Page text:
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Evolutionary Ecology of Marine Invertebrate Larvae$
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Tyler Carrier, Adam Reitzel, and Andreas Heyland

Print publication date: 2017

Print ISBN-13: 9780198786962

Published to Oxford Scholarship Online: January 2018

DOI: 10.1093/oso/9780198786962.001.0001

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Evolutionary Ecology of Parental Investment and Larval Diversity

Evolutionary Ecology of Parental Investment and Larval Diversity

Chapter:
(p.34) Chapter 3 Evolutionary Ecology of Parental Investment and Larval Diversity
Source:
Evolutionary Ecology of Marine Invertebrate Larvae
Author(s):
Dustin Marshall, Justin McAlister, Adam Reitzel
Publisher:
Oxford University Press
DOI:10.1093/oso/9780198786962.003.0003

Marine larvae vary enormously in the amount of care (be it in the form of energy or other costly caregiving that increases offspring fitness) they receive from their parents. In contrast to terrestrial taxa, parental investment is less coupled to phylogeny in marine taxa, such that closely related species may have wildly different parental investment strategies. Such diversity demands explanation, and marine biologists have been fascinated by variation in parental investment for over 100 years. In this chapter, we review patterns in parental investment in space, review the theory of parental investment in life history theory, explore the key assumptions of life history theory as it pertains to parental investment, and then examine the evolutionary causes and ecological consequences of variation in parental investment for marine organisms.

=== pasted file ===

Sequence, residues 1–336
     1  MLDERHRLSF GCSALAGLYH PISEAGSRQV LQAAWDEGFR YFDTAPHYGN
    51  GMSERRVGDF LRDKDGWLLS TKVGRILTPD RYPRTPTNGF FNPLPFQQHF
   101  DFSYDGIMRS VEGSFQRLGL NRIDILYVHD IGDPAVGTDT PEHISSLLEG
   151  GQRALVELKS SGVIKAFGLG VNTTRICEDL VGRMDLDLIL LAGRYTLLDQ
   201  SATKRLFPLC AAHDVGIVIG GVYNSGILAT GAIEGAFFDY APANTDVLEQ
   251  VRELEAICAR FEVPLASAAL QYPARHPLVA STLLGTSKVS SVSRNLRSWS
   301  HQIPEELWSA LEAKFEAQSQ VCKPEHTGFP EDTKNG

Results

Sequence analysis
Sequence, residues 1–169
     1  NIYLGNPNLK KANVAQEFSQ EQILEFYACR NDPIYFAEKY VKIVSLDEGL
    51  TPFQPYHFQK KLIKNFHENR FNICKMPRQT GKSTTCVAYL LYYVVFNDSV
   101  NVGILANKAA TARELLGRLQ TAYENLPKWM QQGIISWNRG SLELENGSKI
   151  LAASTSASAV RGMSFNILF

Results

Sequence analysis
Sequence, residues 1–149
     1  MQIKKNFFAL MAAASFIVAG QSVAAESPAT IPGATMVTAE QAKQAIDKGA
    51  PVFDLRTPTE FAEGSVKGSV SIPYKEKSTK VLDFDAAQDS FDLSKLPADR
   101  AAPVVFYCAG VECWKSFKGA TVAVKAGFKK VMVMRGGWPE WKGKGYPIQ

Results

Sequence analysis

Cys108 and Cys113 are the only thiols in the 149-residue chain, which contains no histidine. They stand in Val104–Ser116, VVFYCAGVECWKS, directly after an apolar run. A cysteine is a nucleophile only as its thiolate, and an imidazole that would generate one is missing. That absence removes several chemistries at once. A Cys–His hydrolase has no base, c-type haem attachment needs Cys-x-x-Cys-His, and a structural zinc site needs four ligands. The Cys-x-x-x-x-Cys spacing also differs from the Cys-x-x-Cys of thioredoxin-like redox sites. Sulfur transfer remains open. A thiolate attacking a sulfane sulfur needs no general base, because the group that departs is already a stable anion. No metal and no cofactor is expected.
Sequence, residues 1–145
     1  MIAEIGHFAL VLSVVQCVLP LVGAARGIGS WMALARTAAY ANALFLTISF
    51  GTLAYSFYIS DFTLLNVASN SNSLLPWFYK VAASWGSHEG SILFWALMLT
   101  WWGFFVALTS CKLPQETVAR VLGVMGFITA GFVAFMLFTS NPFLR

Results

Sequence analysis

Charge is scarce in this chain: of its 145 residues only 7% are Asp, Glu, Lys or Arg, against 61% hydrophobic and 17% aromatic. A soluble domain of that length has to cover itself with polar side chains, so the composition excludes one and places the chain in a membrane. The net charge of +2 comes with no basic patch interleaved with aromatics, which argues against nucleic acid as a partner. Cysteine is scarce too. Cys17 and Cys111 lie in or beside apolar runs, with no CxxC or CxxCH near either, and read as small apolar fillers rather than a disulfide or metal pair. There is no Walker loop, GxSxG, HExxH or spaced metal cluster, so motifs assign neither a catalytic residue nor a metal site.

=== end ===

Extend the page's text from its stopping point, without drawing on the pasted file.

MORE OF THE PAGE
Keywords:   egg size, maternal effect, transgenerational plasticity, life history theory, parental investment

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